Most important is the publication, in April, of my first book, Travels with Ferdinand! Related posts can be found here, here and here. The book may be purchased at Bookshop.org, Barnes & Noble or Amazon.
While I’ve kept busy as keyboardist in two churches, and have done much good from week to week at keeping things “humming,” I’ve not had as much time as I’d have liked for writing music. Still, I came up with two compositions this past year. One was a Psalm setting for the Prayers for Peace, called for by Pope Francis in October in light of recent violence around the world. Our congregation, at St. Peter the Apostle in Onley, VA, made its own impassioned plea. As part of that event, I was also asked to deliver a few facts on casualties, abductions, and forced internal or external migration from the conflict in Ukraine. Others spoke, in English and/or Spanish, on situations in Venezuela, Honduras, etc.
In November, I also wrote the words to a prayer, a reflection for the Feast of St. Cecilia, Patron of Musicians AND Thanksgiving. The two are very close, and sometimes coincide. I’ve had a particular devotion to Cecilia since singing in the St. Cecilia Choir at the Cathedral of St. Elizabeth (of Hungary) in KoSice, Slovakia in 1996-97 and briefly in 2011.
Taking it slowly in the original German, I read All Quiet on the Western Front cover-to-cover, something I’ve wanted to do for years. Especially since taking my trip – the one that led to Travels with Ferdinand – examining the origins of the First World War. I also gave two talks on WWI, one on the war’s relation to the “Slavic question,” the other on representations of the conflict in lit and film.
I’ve read most of a memoir of a Russian-Israeli historian, published in the 1970s. A. N. Poletika was born in a small town in Ukraine and moved to Kyiv for secondary-school studies, where he witnessed the Kiev Pogrom of 1905 and was later well aware of the public commotion surrounding the Beylis Trial of 1913 and the acquittal of the defendant on charges of ritual murder. He also reflects on various pogroms that took place during the Russian Civil War, the umpteen different “governments” that ruled Kyiv during this time, as well as crimes again humanity committed by the Bolsheviks. He later got by as a correspondent for a Leningrad paper and had something of a career as an academic historian, though he was quite limited in what he could research or say. Never translated into English as far as I know, its Russian title is Videnoe i Perezhitoe (“Seen and Experienced”). It also contains little-discussed info about the Sarajevo assassination, one of Poletika’s chief topics of investigation.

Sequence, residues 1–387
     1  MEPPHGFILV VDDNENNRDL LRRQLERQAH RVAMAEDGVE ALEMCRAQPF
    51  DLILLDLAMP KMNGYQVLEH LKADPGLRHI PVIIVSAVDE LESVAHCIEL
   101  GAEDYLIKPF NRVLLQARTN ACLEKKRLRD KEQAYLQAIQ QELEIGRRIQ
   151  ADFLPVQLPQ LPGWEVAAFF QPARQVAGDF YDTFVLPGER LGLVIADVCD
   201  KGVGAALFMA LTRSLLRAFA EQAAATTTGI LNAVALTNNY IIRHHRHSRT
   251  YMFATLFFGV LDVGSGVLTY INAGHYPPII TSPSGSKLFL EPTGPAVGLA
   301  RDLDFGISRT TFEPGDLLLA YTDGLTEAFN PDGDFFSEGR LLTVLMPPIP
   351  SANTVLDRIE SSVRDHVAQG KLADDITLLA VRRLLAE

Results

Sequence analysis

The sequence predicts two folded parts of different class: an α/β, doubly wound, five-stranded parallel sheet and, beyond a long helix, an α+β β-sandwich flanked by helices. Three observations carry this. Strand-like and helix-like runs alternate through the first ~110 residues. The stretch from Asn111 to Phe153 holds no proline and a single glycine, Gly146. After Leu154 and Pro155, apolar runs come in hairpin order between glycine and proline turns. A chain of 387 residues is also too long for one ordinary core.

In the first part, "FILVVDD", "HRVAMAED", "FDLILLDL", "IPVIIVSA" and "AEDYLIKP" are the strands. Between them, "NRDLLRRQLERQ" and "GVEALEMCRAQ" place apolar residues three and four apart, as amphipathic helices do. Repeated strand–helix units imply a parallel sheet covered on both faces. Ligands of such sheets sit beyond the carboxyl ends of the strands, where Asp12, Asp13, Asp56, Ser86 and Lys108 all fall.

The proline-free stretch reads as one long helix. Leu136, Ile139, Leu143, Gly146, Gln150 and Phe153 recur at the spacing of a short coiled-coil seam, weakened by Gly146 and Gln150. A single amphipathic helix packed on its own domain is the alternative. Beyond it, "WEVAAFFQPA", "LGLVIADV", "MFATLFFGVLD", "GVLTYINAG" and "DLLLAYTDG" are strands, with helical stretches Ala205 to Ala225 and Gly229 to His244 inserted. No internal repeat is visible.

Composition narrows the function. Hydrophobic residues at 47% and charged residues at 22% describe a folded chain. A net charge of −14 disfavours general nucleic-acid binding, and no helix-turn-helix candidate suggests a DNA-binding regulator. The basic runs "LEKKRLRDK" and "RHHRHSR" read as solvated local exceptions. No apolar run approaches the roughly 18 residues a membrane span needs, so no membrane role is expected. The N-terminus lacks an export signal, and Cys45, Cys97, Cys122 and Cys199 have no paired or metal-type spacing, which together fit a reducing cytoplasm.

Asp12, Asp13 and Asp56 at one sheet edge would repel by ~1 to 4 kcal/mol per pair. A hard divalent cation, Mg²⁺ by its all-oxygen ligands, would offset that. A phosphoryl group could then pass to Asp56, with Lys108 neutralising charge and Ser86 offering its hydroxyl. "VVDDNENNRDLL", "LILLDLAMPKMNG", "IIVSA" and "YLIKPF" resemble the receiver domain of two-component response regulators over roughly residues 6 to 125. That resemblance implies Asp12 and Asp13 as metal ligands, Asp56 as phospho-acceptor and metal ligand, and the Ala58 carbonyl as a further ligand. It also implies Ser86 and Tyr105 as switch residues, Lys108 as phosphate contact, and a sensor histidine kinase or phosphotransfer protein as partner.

And of course, I’ve read numerous books in English, among them Jonathan Haidt’s The Righteous Mind.
I have almost completed a large translation project involving 50 years worth of correspondence from my client’s Slovak grandmother to her daughter (client’s mother). It begins when the girl emigrated to the U.S. in 1921 at the age of 17 and ends at the grandmother’s death in 1971. I’ve done thirty years worth of the letters – another translator covered the 1930s and 1940s. My client is now looking for a publisher. The work has given me great insight into the effects of political and economic events on the daily lives of ordinary folk, as well as the “immigrant experience.”
Now for a really quirky one…
I’ve come to realize that bats are not really creepy, but actually cool. This came after a nighttime encounter with two of them in my bedroom. I learned to relax and trust their sonar when they fly around my head. Also realized that Strauss’ overture to Die Fledermaus (literally “the mouse”) is meant to suggest the fluttering motions of a bat’s wings, or the rhythm thereof. At least, the operetta will always be imbued with greater significance for me.
And I’ve had lots of other realizations and, really, paradigm shifts. Too many to mention, too subtle to describe sometimes. Maybe I’ll get into more philosophical writing in 2024!